A Brief History of Accounts Receivable

Nicole Dwyer
history of Accounting

For most businesses today, giving yourself an edge is critical. Allowing your clients terms when it comes to when and how they pay for goods and services is an excellent way to give your business an edge.  Yes, we will be talking about accounts receivable.  In this article, we’ll explore its history starting from ancient Mesopotamia to Excel to AR Automation today.

We all know the concept of account receivable is old. In fact, archeologists have found evidence that accounts receivable were in use in ancient Mesopotamia, as far back as 2000 B.C. The Code of Hammurabi laid out how these ancient contracts would work and what the rights of both parties were when it came to such agreements.

The next advance in accounts receivable came about in the Middle Ages. At that time, merchants would need to wait for payment until their goods were delivered. (It’s a far cry from the way we do business now – they would have to send the goods first and, only once they had delivered the goods, was the person obliged to pay for them.)

Because items often had to travel long distances, this could take quite a while. This could be extremely inconvenient for the merchant (just imagine what their DSO was like!).  Naturally, it severely impacted their income.

Basic Banking

The Knights Templar had, by this stage, formed the basis of a banking system. You would go to the local Knights Templar, and entrust them with your valuables and land. They, in turn, would make out Letters of Credit for you and you could travel with these instead of actual cash. You would be able to draw on these Letters of Credit with the templars of any city.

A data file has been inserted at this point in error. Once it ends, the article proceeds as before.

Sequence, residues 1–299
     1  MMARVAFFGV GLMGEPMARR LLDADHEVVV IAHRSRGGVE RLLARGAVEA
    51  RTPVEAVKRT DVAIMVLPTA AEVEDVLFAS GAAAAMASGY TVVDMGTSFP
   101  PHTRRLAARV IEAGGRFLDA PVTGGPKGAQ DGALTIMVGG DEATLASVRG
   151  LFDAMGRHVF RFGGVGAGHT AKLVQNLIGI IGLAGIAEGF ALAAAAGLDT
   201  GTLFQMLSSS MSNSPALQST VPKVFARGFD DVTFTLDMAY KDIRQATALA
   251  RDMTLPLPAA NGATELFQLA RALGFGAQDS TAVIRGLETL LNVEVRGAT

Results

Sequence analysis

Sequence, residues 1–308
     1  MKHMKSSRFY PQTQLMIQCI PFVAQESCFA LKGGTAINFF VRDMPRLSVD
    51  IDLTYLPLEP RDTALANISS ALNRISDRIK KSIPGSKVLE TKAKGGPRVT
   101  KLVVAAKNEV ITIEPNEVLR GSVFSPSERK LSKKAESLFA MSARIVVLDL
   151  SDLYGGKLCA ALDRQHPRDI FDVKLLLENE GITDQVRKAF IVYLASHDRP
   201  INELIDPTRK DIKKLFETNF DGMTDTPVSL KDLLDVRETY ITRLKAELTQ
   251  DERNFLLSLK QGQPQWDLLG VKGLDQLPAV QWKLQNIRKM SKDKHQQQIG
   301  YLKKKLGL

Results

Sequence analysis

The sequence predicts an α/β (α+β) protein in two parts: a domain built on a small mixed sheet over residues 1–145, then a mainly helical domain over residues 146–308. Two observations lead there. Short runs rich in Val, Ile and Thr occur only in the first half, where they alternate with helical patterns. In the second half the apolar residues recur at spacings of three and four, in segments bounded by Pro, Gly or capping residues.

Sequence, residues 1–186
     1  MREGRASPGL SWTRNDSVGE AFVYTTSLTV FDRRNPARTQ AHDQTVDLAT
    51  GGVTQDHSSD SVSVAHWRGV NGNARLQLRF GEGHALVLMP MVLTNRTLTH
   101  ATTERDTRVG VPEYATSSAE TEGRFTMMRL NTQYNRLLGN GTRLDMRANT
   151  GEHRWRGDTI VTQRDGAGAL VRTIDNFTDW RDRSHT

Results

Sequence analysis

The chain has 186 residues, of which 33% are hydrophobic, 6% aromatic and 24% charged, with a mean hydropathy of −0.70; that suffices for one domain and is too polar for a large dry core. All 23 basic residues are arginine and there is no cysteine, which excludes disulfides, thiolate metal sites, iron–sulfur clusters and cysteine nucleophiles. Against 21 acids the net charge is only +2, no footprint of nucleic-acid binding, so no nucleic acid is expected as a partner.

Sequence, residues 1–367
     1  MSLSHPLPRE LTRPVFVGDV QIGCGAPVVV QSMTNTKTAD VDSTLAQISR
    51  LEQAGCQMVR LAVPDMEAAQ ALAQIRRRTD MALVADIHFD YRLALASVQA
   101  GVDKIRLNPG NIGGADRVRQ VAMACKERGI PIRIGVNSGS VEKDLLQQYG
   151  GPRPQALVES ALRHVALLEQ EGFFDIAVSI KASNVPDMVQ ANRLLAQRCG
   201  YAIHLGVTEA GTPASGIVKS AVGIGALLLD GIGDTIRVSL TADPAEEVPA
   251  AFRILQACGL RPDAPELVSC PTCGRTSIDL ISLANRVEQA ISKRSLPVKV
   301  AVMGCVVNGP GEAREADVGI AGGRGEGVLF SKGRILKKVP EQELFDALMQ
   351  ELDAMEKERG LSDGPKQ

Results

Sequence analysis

At that time, charging interest on money on loans was illegal because of the Church's anti-usury laws, but the Templars got away with doing so by charging "transaction fees" instead of interest.

Great, but what does that have to do with accounts receivable? It provided the framework needed for accounts receivable financing to come into being, in a similar manner to the one that we are familiar with today.

Remember our merchants who had to wait until the goods were delivered to receive payment? They could now access financing against the strength of those agreements. They would have to pay “transaction” fees but were able to raise finance through factoring.

What is Factoring?

This is where a company essentially sells its debt to a third party. Let’s say that a merchant in England was sending a shipment to Venice. It would be a cash on delivery situation. If the merchant wanted to get the money earlier, they would be able to use the debt as collateral.

This party would then be able to collect on the debt. The benefit for the third party was that they would pay the merchant a portion of what was owed. The difference between the actual invoice and the amount paid to the merchant would be their profit.

So, basically, if the merchant had an invoice for $10, the factoring company would pay out $8 to the merchant. They would then be entitled to collect the full $10 from the client and so would make $2 profit. If the client reneged on payment, the merchant would be responsible for paying the advance back.

New World Applications

Fast forward a couple of hundred years and the accounts receivable system is starting to become very useful, especially in the American colonies. Those living in the “New World” would send their goods to England in order to make money. They were able to get advances on the payments for these goods in cash, depending on how strong their accounts receivable was.

It was after the Industrial Revolution that the emphasis shifted more to how creditworthy the client buying the goods was. If the client was considered a good credit risk, the business's own credit risk would not come into play as much.

The Place of Accounts Receivable Today